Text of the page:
flower costs

Fertilizer and Flower Costs Rising as Farmers Pay More

NBC Universal, Inc.

You might pay more for fertilizer and flowers this spring.

Michael Arisco, the owner of Michael’s Greenhouses in Cheshire, said his flower prices are up 10% to 15% this year because, as a farmer, he has had to pay more for soil, pots and shipping.

“It’s the largest increase we’ve seen in over 25 years,” said Arisco.

So for the customers, there will be a small increase in price.

“We’re not going to pass everything on to the customer, but there is a small increase in price, I’d say about 10-15% so you probably won’t even notice it when you go to buy your plants this spring and you can’t put a price on how they make you feel,” said Arisco.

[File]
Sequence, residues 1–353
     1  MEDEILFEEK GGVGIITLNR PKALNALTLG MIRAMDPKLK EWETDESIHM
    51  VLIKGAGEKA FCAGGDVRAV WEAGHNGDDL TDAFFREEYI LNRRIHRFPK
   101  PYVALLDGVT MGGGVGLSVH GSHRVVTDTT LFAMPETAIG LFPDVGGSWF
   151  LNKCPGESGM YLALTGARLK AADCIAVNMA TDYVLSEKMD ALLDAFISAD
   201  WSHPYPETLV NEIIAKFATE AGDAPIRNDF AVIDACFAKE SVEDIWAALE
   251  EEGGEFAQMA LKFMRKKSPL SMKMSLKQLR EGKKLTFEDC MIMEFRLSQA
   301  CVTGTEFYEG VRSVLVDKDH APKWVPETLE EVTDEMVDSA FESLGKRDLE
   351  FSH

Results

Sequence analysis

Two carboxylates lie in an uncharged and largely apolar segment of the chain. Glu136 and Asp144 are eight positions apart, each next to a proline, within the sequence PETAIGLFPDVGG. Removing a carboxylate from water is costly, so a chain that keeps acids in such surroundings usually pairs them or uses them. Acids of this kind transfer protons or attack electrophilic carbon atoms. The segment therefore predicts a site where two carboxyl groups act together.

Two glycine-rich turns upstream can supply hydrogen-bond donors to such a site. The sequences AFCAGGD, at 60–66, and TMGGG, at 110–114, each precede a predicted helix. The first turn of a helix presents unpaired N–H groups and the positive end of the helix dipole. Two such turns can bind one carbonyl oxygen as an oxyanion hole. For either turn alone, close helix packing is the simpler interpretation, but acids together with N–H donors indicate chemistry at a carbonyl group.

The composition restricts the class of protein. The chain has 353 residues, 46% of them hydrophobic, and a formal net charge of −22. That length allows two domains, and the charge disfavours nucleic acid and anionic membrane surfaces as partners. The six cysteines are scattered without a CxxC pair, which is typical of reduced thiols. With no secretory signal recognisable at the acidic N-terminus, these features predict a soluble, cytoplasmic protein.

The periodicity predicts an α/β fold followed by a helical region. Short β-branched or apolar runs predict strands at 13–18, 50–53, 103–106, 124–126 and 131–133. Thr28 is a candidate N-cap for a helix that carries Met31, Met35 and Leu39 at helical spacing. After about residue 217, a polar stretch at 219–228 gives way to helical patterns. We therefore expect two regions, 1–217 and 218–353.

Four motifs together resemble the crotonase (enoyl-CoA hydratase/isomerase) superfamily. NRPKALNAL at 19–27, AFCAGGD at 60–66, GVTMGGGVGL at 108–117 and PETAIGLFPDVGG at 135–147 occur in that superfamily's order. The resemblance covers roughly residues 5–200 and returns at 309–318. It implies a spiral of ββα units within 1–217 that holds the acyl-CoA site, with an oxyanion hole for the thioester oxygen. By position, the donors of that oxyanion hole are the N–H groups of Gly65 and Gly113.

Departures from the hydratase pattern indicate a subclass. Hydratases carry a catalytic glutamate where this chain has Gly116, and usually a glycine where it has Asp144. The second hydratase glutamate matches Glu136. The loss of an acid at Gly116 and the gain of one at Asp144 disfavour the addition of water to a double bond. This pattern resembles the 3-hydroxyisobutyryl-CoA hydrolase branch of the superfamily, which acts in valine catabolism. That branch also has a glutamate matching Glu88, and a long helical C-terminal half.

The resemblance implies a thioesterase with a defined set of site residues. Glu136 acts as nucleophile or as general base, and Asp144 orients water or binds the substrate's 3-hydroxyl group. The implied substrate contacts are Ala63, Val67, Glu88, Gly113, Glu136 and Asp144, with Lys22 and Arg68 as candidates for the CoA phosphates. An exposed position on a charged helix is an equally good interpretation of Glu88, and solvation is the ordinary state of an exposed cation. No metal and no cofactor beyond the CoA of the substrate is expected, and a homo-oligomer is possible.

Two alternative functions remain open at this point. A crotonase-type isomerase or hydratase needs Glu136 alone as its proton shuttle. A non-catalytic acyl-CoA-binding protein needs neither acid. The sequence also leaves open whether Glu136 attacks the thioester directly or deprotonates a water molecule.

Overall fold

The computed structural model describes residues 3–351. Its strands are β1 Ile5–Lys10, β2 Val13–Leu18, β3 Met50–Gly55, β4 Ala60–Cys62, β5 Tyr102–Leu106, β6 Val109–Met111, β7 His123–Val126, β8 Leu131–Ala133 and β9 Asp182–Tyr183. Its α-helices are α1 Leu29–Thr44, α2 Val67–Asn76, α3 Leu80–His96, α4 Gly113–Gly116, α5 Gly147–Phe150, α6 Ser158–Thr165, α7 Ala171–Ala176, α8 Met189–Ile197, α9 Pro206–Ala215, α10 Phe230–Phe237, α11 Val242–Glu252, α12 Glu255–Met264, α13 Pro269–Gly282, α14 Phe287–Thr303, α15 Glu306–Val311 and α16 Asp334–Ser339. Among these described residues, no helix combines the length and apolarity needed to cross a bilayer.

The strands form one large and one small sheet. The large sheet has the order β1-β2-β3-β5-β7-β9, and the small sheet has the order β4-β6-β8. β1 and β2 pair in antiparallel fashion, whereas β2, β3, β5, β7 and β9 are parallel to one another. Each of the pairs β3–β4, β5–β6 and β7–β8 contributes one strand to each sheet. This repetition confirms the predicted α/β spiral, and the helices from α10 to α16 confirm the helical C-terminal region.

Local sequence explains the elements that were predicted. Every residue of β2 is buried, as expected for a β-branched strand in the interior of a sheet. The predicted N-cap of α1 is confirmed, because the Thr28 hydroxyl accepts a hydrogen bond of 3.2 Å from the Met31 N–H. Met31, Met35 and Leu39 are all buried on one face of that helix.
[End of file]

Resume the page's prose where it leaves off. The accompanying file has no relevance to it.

The rising cost of fuel is also driving up trucking costs and fertilizer.

Their flower pots, something Michael’s Greenhouses needs thousands of, come from countries overseas. Just one shipping container used to cost about $4,500. It’s now upwards of $25,000, said Arisco.

So how does Arisco, as a business owner, prepare for these rising costs?

“I don’t know if there’s a way to prepare. It’s just the cost of doing business and we just hope that consumers are willing to pay for the beautiful plants that are going to hit the stores in another three to four weeks,” said Arisco.

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